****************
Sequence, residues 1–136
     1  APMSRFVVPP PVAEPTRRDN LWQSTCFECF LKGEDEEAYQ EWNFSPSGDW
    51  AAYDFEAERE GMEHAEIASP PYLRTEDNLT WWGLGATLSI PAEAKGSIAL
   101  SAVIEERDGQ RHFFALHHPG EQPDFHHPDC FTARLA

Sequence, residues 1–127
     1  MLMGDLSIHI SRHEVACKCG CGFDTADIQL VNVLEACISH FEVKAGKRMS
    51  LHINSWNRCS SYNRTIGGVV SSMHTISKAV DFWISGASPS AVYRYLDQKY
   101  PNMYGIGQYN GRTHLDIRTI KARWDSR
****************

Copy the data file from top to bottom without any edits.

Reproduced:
Sequence, residues 1–136
     1  APMSRFVVPP PVAEPTRRDN LWQSTCFECF LKGEDEEAYQ EWNFSPSGDW
    51  AAYDFEAERE GMEHAEIASP PYLRTEDNLT WWGLGATLSI PAEAKGSIAL
   101  SAVIEERDGQ RHFFALHHPG EQPDFHHPDC FTARLA

Sequence, residues 1–127
     1  MLMGDLSIHI SRHEVACKCG CGFDTADIQL VNVLEACISH FEVKAGKRMS
    51  LHINSWNRCS SYNRTIGGVV SSMHTISKAV DFWISGASPS AVYRYLDQKY
   101  PNMYGIGQYN GRTHLDIRTI KARWDSR